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Heller: Meal plan changes needed, flexible

March 1, 2018

Vice Chancellor for Finance and Administration Laurent Heller is sharing the rationale for meal plan changes announced in November and updated to reflect feedback from students.

There has been much talk on campus in recent weeks about meal plan options that will roll out for new University Housing residents next year. I would like to provide a little background and context on this important issue.

I understand how important cost is to students and families, whether it is tuition or room and board. We’re proud that UW–Madison has the lowest room and board rates in the Big Ten. Housing residents receive discounted meal prices that help stretch their dollars farther than off-campus dining options. Our dining program is entirely à la carte, which lets students eat what they want when they want it, unlike other Big Ten and UW System schools that require a yearly meal plan.

Photo: Laurent Heller

Laurent Heller Photo: Jeff Miller

As you may have heard, all new residents in Housing will now be asked to select one of three tiers for the meal plan in the 2018-19 academic year. The amount will be billed as part of a student’s total room and board, and will be deposited in the Resident Food Account on the student’s Wiscard. It is payable in four quarterly installments; those selecting the minimum deposit will pay $350 per quarter.

Meal plan funds can be used to purchase food, beverages, and grocery items at any University Housing or Wisconsin Union location, including Badger Market locations around campus.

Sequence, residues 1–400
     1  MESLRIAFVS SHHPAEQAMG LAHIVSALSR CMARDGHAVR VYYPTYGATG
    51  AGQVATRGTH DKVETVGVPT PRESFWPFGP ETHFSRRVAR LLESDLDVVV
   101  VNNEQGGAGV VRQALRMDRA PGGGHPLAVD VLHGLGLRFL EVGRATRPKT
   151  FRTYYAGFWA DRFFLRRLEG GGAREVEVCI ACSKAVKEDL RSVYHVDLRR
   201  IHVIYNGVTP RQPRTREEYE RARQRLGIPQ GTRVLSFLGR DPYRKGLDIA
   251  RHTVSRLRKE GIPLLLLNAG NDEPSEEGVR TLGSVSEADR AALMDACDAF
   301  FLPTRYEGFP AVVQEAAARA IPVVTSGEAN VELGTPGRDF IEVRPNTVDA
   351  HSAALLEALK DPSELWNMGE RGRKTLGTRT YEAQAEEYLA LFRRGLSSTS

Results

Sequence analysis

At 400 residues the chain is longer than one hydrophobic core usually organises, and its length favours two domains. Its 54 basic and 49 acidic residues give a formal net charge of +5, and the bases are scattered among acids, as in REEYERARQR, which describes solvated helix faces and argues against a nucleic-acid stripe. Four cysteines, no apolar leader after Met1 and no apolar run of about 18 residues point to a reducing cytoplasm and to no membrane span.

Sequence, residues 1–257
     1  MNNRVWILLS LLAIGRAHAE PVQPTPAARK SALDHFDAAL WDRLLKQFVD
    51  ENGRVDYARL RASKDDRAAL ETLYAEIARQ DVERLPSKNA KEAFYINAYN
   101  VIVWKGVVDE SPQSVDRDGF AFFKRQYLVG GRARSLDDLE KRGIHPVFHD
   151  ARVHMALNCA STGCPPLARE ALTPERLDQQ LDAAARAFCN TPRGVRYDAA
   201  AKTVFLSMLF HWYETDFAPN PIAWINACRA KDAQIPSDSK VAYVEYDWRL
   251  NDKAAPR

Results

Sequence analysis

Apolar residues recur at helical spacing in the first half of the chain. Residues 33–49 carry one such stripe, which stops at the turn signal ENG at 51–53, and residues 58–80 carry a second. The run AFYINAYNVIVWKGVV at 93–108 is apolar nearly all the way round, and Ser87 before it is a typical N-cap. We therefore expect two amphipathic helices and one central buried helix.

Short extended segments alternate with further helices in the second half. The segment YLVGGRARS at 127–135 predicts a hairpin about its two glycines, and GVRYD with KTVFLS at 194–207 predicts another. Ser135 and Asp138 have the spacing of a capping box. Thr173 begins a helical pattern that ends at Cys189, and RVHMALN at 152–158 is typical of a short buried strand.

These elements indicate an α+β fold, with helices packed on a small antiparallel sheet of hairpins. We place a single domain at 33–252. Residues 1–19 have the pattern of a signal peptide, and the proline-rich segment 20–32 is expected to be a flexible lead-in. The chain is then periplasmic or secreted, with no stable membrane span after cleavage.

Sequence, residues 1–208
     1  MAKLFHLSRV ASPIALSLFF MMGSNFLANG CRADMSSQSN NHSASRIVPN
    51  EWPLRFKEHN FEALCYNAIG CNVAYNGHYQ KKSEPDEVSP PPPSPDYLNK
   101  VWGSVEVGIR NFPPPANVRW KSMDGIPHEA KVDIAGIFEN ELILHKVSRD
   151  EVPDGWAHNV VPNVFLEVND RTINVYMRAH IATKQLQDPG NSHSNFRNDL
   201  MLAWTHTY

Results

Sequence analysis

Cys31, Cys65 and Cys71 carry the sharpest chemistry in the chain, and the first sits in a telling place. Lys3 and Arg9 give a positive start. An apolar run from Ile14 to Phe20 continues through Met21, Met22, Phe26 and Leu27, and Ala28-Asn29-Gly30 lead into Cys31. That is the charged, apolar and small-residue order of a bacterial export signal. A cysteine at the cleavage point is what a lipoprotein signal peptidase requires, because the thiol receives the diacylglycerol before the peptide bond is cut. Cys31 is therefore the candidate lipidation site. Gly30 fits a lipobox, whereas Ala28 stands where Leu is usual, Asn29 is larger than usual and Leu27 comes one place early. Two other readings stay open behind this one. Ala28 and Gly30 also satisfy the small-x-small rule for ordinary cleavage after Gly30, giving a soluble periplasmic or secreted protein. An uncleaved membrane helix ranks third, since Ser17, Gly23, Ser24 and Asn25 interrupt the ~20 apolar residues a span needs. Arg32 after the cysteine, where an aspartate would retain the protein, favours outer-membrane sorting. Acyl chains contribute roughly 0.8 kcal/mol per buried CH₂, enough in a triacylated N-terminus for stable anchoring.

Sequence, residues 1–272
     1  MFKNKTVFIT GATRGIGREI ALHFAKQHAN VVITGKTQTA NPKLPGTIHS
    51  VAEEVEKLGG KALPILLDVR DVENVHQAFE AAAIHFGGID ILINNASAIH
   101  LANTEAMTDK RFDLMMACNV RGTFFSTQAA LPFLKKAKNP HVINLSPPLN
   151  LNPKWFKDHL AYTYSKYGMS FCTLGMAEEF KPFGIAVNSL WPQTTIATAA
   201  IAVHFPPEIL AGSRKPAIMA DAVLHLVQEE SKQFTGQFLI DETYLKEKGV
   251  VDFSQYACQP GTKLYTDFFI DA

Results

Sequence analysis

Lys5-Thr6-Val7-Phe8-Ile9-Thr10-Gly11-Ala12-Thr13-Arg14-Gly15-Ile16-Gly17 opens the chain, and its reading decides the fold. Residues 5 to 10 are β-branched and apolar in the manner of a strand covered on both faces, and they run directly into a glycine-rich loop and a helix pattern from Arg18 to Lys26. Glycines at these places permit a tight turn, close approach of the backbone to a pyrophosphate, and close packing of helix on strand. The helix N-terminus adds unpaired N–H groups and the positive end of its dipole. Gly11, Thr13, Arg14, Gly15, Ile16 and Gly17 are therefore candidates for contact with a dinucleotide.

This plan allows students and families to more easily plan for food costs throughout the academic year. It also gives University Housing the financial stability to continue offering an a la carte dining program and ensures that we can provide high-quality meals while keeping our prices low.  Price increases, driven in large part by the need to increase wages for generally low-paid housing and dining staff, mean that Housing is faced with a difficult choice between raising prices and capturing more business.  This plan follows the latter course, driving some business to campus dining facilities and thereby keeping prices lower than would otherwise be possible.

We decided to implement this plan after a thorough review of dining offerings at other UW System campuses and peer universities and an evaluation of University Housing residents’ typical spending on food.  The $350 minimum quarterly deposit equates to about nine meals per week, which gives flexibility to students who may not dine on campus every day or who regularly travel home.

For those students with financial need, financial aid can be used to cover this expense. The cost of attendance budgets $4,300 for meals, which is higher than the minimum meal plan deposit.

As you may have seen, we have made several changes to the original plan in response to feedback from students, parents and other members of the campus community. One of the most significant modifications was to allow the carryover of unused meal plan funds for use in future years.  The plan will also now include an appeals process for students who want to opt out due to religious, dietary or other special circumstances.

I recognize that the rollout of the new plan did not go smoothly, and appreciate the conversations we’ve had with students about the new program.  I think we need to be doing more of this, so University Housing, along with ASM, is planning improvements to long-standing student governance mechanisms.  We expect to be able to announce more details on this important subject soon.

University Housing’s mission is to offer students a high-quality living and learning experience at an affordable cost.  Ultimately the new meal plan should help us continue to deliver on this promise.  We expect to continue to offer the lowest cost room and board plan in the Big Ten next year.